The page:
Tag Archives: Clint Eastwood

Richard Jewell

14 Dec

‘Richard Jewell’: Stopping ’96 Olympics bomb put do-gooder in the crosshairs of FBI, media

By Tom Meek

tmp-r-jewell

In talking with a friend about “Two Popes,” the excellently acted and well-shot papal bore-fest, one point that came up about films dealing with “true events” was that flawed characters and quirky happenings on the fringe often made for a more compelling narrative. Take “Sully” (2016) or “I, Tonya” (2017). The former did an end run around on Miracle on the Hudson pilot Chesley Sullenberger, chronicling the hero’s personal hell while being investigated and under suspicion by the Federal Aviation Administration, while the latter peeled back the mask of villainy on the scorned figure skater for her husband’s misguided hit on a publicly adored rival.

Clint Eastwood directed “Sully” and Paul Walter Hauser played one of the goons who took a lead pipe to Nancy Kerrigan’s knee in “I, Tonya,” so it’s fitting that the two pair up for “Richard Jewell,” about the surreal ordeal surrounding the portly security guard of the title, once under investigation for a bombing in Centennial Park during the 1996 Olympic Games in Atlanta. Nicely, the story bookends with the relationship between Jewell (Hauser) and Watson Bryant (Sam Rockwell), a snippy, dismissive lapdog of an attorney. It’s at his law firm that we first meet Jewell as a mail delivery clerk, before he moves on to pursuing his dream of being a law enforcement officer and ends up at Centennial Park.

Up to the bombing – which comes midway through – the character illustration of Jewell is quite something. Sure he’s got the countenance of a rube, lives at home with mom (Kathy Bates, perfectly understated) and has buddies with mullets who look like white supremacists, but his expressed desire to serve and protect comes off as genuine. It’s hard to fault a man with ambitions – that is, until you learn that as a college campus security officer, Jewell’s something of an overreaching megalomaniac, pulling over students on the highway outside campus when suspected of drinking and driving and barging in for dorm room searches. At once, you pity Jewell and see the seeds of George Zimmerman. Continue reading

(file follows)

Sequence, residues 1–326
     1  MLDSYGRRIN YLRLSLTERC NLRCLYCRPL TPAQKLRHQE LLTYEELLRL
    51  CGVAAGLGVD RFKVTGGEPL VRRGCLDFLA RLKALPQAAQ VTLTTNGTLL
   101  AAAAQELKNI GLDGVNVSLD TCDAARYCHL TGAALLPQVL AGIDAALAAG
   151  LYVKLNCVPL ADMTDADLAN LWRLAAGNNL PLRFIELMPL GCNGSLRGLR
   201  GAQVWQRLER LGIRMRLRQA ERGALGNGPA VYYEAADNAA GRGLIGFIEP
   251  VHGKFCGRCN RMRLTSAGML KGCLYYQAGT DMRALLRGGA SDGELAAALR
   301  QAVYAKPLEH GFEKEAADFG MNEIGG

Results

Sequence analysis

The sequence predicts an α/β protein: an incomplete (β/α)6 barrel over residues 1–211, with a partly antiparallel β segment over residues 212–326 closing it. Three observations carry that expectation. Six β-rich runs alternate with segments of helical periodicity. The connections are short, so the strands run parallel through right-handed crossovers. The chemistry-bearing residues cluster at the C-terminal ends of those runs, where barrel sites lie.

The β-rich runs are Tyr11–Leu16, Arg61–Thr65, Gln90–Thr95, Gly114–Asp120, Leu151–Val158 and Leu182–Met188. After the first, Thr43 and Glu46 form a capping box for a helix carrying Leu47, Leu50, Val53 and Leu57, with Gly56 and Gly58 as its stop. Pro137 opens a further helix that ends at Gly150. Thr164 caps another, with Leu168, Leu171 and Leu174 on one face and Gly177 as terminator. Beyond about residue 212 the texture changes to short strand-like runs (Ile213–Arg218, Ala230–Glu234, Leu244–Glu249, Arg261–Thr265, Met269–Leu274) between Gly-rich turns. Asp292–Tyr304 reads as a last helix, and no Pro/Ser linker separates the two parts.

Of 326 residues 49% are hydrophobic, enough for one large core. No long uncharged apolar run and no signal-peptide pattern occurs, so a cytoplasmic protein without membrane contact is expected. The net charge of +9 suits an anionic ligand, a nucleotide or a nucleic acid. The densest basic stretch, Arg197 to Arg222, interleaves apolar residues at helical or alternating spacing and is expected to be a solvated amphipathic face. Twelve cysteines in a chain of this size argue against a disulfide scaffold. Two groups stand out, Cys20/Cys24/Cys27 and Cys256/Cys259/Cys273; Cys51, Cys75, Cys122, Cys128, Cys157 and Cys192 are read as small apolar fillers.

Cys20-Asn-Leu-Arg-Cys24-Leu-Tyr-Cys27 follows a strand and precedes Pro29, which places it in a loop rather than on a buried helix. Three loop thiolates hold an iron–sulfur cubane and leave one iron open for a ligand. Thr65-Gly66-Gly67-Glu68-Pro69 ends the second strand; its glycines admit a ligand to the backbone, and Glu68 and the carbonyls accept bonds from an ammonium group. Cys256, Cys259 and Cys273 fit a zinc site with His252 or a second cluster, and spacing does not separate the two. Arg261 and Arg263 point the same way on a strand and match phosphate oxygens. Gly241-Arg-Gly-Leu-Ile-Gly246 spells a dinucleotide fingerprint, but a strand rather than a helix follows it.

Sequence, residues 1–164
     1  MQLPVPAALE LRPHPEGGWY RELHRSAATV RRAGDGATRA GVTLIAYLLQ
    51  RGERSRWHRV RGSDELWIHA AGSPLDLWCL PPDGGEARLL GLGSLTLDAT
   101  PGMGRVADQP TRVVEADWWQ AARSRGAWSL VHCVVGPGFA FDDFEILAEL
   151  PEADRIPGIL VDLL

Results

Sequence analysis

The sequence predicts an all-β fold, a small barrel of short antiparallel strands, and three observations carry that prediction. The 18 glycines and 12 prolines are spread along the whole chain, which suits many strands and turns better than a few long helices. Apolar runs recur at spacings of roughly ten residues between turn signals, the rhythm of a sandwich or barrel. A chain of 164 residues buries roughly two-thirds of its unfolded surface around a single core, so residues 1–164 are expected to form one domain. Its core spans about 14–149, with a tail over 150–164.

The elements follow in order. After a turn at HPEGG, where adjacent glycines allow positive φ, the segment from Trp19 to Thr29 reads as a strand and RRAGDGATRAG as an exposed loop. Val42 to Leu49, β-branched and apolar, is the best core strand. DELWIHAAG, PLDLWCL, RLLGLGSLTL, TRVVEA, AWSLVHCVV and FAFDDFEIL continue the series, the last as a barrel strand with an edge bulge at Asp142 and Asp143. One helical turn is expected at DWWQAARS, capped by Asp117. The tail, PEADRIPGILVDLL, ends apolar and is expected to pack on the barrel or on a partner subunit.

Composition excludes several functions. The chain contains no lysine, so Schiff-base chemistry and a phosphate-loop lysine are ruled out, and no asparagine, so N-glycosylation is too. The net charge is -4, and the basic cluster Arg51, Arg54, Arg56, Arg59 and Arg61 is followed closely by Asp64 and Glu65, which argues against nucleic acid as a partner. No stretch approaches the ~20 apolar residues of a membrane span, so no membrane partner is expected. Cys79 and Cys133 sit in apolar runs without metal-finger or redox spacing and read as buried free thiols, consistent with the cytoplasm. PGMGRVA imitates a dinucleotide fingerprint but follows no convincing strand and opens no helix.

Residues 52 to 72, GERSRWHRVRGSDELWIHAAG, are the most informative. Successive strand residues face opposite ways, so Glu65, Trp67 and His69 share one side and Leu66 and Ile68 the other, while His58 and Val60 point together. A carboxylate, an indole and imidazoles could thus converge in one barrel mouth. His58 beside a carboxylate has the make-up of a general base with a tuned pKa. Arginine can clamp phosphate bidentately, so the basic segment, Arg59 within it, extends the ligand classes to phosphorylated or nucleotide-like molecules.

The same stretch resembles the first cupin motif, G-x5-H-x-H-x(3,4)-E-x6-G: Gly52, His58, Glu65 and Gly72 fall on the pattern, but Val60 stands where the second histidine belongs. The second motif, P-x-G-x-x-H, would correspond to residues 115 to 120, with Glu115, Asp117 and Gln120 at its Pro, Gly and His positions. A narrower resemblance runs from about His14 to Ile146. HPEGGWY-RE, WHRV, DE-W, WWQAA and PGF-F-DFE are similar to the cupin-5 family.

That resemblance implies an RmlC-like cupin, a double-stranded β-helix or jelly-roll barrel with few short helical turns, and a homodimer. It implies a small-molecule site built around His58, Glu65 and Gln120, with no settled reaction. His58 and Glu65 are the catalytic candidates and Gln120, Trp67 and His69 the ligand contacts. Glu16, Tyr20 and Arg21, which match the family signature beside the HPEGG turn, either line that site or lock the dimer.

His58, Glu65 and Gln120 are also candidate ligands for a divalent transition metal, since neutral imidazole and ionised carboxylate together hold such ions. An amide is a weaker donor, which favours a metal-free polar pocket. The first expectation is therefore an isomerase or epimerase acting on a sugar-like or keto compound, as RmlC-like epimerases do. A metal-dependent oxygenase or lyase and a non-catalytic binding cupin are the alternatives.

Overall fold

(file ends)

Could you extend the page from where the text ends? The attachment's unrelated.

Of all things Kurosawa

20 Nov

Brattle’s full week of ‘Kurosawa in History’ shows how West was won by East’s auteur

 

Image result for yojimbo

One thing I dislike when reading about film: reviews or other critical pieces infused with the word “I.” It’s not about you, it’s about the art, and letting your words about the art convert that “I.”

That said, here “I” go – and I promise to get to Akira Kurosawa, but indulge me for a moment.

Growing up, I wasn’t really that big a film fan. Granted we had only three channels the aerial could catch, and living in a town of 3,000 you had to drive two towns away to find our single-screen theaters, which didn’t get “Star Wars” until six months after its opening. (One was just an auditorium in a town hall.) So for me as a kid, film was mostly John Wayne and Godzilla, and while I couldn’t get enough of the man in the rubber suit, I didn’t like the former much – he seemed phony and too righteous, when the world around me was a darker, less black and white place. You knew things didn’t get resolved by some beefy human with a twangy drawl riding in at high noon, guns blazing.  

The one other movie during this era that grabbed me was “A Fistful of Dollars” (1964). Not only was Clint Eastwood’s no-name badass cool and scruffily handsome, he answered Wayne with moral ambiguity; in those spaghetti westerns the good and the righteous often got their asses kicked, hard. Even with its quirk and dark, tongue-in-cheek humor, Sergio Leone’s cornerstone western felt genuine, authentic from the top down the first time I saw it – and it still does today, hundreds of screenings later. (Though over time there would become many Wayne films I would came to adore – “The Shootist,” “Stagecoach,” perhaps mostly “The Man who Shot Liberty Valance.”)

Flash forward to college. As part of my English major at a small liberal arts school, film was on my eclectic list of elective, dubbed “clapping for credit” and quite popular with athletes (I’ll let you all guess my two sports) because the professor, a man named Roger Farrand used to lecture us for a scant half-hour, then roll film; by the time the lights came up, there was maybe five to 10 people remaining of the 30-plus people enrolled. He loved film so much and was so excited by it that if you paid attention during his preamble you could walk out and still safely get a B – he told you everything you needed to know for a quiz or paper. Continue reading